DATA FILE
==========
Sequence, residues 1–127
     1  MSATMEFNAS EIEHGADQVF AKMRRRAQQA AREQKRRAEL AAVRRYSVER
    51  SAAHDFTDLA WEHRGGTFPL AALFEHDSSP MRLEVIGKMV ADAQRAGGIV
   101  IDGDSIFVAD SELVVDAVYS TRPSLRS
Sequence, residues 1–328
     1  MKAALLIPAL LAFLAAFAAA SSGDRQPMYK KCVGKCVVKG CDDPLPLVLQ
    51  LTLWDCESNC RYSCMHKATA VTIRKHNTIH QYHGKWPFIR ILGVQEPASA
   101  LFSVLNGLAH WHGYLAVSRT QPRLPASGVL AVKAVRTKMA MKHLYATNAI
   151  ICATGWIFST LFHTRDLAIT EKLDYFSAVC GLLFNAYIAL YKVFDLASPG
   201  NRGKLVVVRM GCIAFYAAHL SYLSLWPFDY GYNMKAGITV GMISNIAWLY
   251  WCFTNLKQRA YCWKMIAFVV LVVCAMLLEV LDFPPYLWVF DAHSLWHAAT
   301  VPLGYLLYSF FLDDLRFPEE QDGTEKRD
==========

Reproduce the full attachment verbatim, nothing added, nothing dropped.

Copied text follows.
Sequence, residues 1–127
     1  MSATMEFNAS EIEHGADQVF AKMRRRAQQA AREQKRRAEL AAVRRYSVER
    51  SAAHDFTDLA WEHRGGTFPL AALFEHDSSP MRLEVIGKMV ADAQRAGGIV
   101  IDGDSIFVAD SELVVDAVYS TRPSLRS
Sequence, residues 1–328
     1  MKAALLIPAL LAFLAAFAAA SSGDRQPMYK KCVGKCVVKG CDDPLPLVLQ
    51  LTLWDCESNC RYSCMHKATA VTIRKHNTIH QYHGKWPFIR ILGVQEPASA
   101  LFSVLNGLAH WHGYLAVSRT QPRLPASGVL AVKAVRTKMA MKHLYATNAI
   151  ICATGWIFST LFHTRDLAIT EKLDYFSAVC GLLFNAYIAL YKVFDLASPG
   201  NRGKLVVVRM GCIAFYAAHL SYLSLWPFDY GYNMKAGITV GMISNIAWLY
   251  WCFTNLKQRA YCWKMIAFVV LVVCAMLLEV LDFPPYLWVF DAHSLWHAAT
   301  VPLGYLLYSF FLDDLRFPEE QDGTEKRD